There’s a lot of pressure on parents to make sure their kids are learning everything they’re supposed to be learning. We want to be sure that they’re hitting all those developmental milestones. As they start school we do our best to be sure they’re performing academically. As they get older we want them to be independent and responsible, good planners and conscientious learners. These are all valuable pursuits to be sure. But when I think of what my parents most wanted me to learn, and then what I wanted to teach my own kids, more than anything it was compassion.

One of the beautiful things about teaching compassion to our kids is that it’s actually really simple. You’re already doing it. Each time you respond to your children when they’re in need, you’re modeling compassion. First as an infant, when they cry you comfort them. They have a need and that need gets met. Then as a toddler when their world starts to get more complicated, you teach them compassion by noticing when they’re overwhelmed and helping them to manage their emotions. You also teach it by setting limits: no hitting or hurting allowed. They begin to learn that they are not the only people, that other people and living things can experience harm. They begin to learn that others have needs of their own. 

Compassion is more than just being nice. It’s about justice. It recognizes that every person has human dignity and each person has rights. We show compassion by how we treat others and how we allow others to be treated, even when they are not at their best. I asked friends what they’ve done to teach their kids compassion and got some beautiful responses. One young mother shared what her parents did: “They taught us compassion by modeling it with one another, us, and others. Teaching my new son compassion is important to me because it is a fundamental building block of humanity.” Many of them shared that the most important thing they do is to set an example of compassion at home and out in the wider world.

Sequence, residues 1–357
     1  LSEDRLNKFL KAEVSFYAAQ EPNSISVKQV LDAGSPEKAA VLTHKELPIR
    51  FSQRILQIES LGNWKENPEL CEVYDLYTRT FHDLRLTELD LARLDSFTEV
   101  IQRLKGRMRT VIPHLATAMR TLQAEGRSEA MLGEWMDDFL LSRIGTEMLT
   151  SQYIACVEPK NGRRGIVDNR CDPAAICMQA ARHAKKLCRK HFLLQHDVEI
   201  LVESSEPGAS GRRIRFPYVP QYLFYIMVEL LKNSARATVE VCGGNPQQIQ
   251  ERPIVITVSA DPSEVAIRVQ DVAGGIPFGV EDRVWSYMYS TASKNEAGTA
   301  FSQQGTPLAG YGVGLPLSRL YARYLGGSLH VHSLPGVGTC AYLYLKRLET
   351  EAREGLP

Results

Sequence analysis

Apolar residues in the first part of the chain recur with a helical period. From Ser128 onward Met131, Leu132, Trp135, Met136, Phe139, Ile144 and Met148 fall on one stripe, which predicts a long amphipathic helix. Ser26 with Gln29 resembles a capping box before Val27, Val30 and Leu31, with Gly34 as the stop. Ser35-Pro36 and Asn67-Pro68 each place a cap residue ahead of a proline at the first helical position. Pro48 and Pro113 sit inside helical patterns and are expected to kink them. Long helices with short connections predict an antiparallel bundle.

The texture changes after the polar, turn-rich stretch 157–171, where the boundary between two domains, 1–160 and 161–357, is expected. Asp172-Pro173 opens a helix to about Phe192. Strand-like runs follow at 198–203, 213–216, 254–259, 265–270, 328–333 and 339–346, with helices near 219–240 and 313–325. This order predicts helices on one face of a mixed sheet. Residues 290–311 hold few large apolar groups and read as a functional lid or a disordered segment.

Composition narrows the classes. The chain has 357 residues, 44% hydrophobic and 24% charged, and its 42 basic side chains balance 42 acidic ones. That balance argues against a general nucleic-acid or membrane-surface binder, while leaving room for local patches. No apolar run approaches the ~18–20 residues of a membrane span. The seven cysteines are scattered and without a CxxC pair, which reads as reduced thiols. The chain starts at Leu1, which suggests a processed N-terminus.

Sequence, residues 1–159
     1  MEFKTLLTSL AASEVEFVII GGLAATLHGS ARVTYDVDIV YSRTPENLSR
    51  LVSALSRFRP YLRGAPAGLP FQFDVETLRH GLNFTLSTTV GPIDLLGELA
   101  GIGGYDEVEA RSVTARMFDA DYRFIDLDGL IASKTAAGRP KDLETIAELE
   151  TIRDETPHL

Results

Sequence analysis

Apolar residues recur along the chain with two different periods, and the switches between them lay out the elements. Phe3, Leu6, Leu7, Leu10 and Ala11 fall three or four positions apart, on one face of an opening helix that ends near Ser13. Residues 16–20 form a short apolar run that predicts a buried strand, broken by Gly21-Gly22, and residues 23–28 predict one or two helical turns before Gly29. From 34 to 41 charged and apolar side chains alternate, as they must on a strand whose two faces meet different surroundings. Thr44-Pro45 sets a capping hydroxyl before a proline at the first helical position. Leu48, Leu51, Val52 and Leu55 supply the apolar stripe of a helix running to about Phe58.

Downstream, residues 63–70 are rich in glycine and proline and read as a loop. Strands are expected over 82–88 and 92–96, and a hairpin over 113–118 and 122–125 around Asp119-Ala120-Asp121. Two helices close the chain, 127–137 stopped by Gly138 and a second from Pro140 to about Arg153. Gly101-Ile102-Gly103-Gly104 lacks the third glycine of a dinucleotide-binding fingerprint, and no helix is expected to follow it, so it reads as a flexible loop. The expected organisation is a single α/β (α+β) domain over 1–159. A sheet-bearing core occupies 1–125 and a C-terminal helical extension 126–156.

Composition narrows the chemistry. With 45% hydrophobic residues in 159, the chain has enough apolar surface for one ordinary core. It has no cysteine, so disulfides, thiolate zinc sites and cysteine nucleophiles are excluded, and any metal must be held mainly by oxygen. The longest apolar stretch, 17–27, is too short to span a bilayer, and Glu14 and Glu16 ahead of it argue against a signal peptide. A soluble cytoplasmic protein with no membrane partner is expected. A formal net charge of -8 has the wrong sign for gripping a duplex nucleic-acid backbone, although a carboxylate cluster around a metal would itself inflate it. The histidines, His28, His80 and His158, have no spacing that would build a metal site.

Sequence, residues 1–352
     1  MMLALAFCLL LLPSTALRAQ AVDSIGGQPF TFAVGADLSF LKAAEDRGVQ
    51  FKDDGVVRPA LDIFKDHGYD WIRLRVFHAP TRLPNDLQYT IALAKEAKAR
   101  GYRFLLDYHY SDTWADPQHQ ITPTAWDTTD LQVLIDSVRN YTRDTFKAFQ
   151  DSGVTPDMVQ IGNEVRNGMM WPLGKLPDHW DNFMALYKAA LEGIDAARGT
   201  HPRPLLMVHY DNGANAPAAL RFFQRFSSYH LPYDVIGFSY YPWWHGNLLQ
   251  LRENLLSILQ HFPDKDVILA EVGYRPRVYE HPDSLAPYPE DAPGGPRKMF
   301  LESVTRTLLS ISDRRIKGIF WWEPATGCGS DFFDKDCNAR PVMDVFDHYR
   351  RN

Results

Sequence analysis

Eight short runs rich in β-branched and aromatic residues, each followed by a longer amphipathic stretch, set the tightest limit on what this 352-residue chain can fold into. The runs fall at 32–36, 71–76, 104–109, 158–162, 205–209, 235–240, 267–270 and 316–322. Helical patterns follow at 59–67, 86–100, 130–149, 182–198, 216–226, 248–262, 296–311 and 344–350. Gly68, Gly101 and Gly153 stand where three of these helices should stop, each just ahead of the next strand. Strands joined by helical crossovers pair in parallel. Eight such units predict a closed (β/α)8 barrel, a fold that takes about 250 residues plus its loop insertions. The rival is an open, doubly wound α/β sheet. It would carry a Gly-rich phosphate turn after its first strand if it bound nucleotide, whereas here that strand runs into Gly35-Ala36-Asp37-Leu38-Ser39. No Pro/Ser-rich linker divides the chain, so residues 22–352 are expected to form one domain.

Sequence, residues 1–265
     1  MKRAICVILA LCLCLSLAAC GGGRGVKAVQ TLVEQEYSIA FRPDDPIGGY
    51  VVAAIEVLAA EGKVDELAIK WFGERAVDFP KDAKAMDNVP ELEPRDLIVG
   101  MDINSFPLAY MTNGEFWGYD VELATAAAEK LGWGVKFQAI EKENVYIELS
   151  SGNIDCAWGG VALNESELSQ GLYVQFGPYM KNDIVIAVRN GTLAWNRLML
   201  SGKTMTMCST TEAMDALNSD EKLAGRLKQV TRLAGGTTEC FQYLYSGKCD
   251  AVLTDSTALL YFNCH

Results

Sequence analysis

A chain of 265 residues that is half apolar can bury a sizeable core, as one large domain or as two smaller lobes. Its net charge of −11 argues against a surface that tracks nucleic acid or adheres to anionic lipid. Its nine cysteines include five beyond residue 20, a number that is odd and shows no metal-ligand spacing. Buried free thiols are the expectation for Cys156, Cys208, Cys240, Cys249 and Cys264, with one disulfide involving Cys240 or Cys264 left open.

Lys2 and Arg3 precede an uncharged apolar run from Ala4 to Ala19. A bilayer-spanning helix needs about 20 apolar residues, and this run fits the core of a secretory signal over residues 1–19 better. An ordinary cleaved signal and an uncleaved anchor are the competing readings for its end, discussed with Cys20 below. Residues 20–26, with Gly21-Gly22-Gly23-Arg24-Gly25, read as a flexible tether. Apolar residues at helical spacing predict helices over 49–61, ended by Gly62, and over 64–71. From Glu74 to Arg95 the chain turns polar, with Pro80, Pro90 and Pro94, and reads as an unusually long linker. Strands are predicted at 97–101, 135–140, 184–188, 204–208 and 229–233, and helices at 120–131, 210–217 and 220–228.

• Pet therapy as a family in a nursing home has been a huge gift to us. I dare say more than we give.
  • My parents volunteered. We helped and were involved in Scouting with its focus on service.
  • When I had kids, we looked for age-appropriate ways to continue to serve, and we read books and more books about good-deed doers.  
  • I think a lot of it is frequently asking, “How do you think that person feels?”
  • When it comes to our family charitable giving, we invite our children to talk about and choose who and what they want to give our time and money to. That helps them be part of the conversation and they have some stake in our family’s giving.
  • We occasionally volunteer at the Ronald McDonald house but have found it more powerful to practice paying it forward. We may not have much, but have much more than many ... so now my kids ask to provide for the local homeless.
  • Kids who are treated with compassion learn it. Kids who see the adults they love and respect showing compassion want to emulate it. As a youth minister one of my favorite things to see was when parents would support their kid’s efforts at compassion, joining them in service or backing up a project they’d gotten involved in.

Compassion is one of the ways we show the young people in our lives that what we say we believe is real and true. It says that we’re willing to overcome inconvenience and discomfort, to risk embarrassment and even rejection to put it into action. It’s authenticity catching fire and blazing up to warm all those around.